Understandably, there's some cherry-picking involved, here. For instance, trying to compare the rapidly expanding cannabis industry (which could see triple-digit growth for a couple of years in Canada as the supply chain ramps up) to, say, Xerox, which is traditionally a low- to mid-single-digit growth business, is comparing an apple to an orange.

However, there's no denying the head-scratching that ensues when looking at the consistent profits that Harley-Davidson, Foot Locker, Xerox, and Whirlpool bring to the table when compared to Canopy Growth's still nascent top-line figure and widening net loss, as of its most recent quarter.

Here's a quick breakdown of how much net income these time-tested businesses have generated over the trailing-12-month period, according to Yahoo! Finance:

  • Harley-Davidson: $494 million
  • Foot Locker: $269 million
  • Xerox: $101 million
  • Whirlpool: minus $555 million (includes a number of one-time charges)

With the exception of Whirlpool, which took an $860 million non-cash asset impairment charge in the second quarter, these time-tested businesses are churning out big profits. Whirlpool's five-year average per-year profit is $661 million. Meanwhile Harley-Davidson, Foot Locker, and Xerox have churned out respective five-year average profits of $706 million, $504 million, and $430 million.

Where's Canopy Growth Corp.? Well, it hasn't turned a full-year profit as of yet. In fact, its fiscal first-quarter operating results show a more than sixfold increase in its per-share loss, with its net loss widening to 90.8 million Canadian dollars ($69.6 million). Despite an expected 310% increase in sales this fiscal year, Canopy Growth is projected to lose money. 

A tipped over jar of cannabis buds lying atop a small pile of cash.

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Strong profitability is no assured thing

The truth of the matter is that Canopy Growth isn't assured of big profits, even if it's ahead of the field in terms of distribution channels, partnerships, and production capacity.

The biggest issue that could plague marijuana stocks like Canopy Growth is the uncertainty that surrounds the supply-and-demand outlook.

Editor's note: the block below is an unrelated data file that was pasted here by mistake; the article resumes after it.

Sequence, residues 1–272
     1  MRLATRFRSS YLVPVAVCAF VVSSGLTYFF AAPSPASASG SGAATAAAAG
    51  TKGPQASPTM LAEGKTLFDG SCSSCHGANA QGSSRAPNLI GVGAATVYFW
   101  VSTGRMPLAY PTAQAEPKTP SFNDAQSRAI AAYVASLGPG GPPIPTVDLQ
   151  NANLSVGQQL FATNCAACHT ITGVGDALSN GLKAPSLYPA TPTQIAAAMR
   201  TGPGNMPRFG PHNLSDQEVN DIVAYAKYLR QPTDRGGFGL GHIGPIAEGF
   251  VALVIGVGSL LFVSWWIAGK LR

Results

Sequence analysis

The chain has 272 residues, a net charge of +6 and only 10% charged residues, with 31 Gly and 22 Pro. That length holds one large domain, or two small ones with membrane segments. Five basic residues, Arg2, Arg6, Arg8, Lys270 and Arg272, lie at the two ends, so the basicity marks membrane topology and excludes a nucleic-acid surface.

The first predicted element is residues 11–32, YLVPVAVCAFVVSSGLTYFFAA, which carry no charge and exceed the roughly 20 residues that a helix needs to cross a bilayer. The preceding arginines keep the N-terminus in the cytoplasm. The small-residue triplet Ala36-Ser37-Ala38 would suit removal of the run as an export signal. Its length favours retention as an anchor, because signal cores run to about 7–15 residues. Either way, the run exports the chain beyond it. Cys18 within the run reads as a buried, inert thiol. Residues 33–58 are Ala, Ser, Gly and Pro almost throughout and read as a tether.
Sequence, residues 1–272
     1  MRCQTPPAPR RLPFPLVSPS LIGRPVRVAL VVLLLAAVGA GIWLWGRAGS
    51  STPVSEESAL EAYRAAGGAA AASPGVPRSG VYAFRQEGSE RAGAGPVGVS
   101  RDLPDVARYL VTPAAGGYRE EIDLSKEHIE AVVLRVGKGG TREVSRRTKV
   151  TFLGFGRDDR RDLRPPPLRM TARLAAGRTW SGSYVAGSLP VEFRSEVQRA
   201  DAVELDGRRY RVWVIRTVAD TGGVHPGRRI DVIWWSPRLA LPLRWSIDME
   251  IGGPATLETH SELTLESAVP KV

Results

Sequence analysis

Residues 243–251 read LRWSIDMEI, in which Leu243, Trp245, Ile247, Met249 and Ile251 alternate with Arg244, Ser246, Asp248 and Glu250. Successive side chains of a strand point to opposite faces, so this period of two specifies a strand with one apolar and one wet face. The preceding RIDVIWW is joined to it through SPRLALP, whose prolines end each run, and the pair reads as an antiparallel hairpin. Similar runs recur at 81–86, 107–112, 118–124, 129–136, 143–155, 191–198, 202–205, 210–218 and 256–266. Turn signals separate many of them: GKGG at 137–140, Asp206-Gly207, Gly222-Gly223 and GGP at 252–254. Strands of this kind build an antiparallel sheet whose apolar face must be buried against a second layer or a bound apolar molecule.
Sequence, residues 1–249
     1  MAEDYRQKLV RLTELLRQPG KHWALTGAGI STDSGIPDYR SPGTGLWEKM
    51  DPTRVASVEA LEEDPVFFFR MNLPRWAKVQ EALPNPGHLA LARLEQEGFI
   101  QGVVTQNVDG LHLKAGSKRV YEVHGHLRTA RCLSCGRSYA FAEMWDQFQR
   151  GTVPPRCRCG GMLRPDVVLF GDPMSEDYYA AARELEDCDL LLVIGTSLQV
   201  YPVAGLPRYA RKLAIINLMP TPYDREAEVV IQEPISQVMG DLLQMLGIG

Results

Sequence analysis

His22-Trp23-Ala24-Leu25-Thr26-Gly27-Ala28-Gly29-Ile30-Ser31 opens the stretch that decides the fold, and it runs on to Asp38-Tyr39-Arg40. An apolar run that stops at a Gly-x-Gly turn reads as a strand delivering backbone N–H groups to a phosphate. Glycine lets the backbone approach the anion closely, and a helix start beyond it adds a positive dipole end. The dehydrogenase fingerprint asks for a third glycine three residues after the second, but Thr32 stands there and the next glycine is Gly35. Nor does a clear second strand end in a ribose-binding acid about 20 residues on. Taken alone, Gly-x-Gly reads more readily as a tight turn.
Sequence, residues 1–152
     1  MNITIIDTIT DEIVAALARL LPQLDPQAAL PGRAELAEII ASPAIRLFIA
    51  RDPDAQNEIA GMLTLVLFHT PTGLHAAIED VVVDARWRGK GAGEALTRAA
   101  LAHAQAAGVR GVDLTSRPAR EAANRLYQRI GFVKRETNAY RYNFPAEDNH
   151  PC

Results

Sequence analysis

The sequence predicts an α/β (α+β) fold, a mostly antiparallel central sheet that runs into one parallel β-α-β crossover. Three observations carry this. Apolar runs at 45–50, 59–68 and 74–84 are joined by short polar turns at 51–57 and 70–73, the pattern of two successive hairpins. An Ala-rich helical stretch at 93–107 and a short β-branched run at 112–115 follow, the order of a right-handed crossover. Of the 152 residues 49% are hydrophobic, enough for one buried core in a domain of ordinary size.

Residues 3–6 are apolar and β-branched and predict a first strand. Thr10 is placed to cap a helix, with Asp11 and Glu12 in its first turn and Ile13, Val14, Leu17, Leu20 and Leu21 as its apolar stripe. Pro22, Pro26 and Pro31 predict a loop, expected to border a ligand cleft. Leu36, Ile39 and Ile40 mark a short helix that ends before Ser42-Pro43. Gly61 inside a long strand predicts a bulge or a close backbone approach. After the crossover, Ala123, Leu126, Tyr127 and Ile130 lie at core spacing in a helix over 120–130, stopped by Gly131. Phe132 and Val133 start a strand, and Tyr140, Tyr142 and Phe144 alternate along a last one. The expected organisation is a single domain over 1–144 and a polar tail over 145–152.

An initial shortage appears likely given that growers had to wait until the Cannabis Act was sure to pass before spending on capacity expansion projects. While this should result in a higher per-gram cannabis price, growers aren't going to be able to take full advantage of it since their production will still be ramping up. When production is fully online, states like Colorado, Washington, and Oregon suggest that growers will grossly overproduce and tank the per-gram price for dried cannabis, thusly hurting margins. It could take years for the marijuana supply and demand to find harmony, which could mean weaker-than-expected sales and/or profits.

Additionally, there aren't any guarantees that the legal market will be able to pull enough sales away from the illegal channels to meet investors' lofty expectations. Even though Canada's federal government is being aggressive by setting a relatively low excise tax rate of roughly 10% on recreational weed, investors have to remember that black-market marijuana has no excise tax to pay, no marketing or packaging costs to incorporate, or rent to pay via a licensed dispensary. It could be very difficult for legal weed to compete with illicit pot, which may throw Canopy Growth's sales estimates into doubt.

Clearly, there's still a lot for Canopy Growth to prove to Wall Street and investors, which makes this a stock that could be worth avoiding for the time being.

Sean Williams has no position in any of the stocks mentioned. The Motley Fool has no position in any of the stocks mentioned. The Motley Fool has a disclosure policy.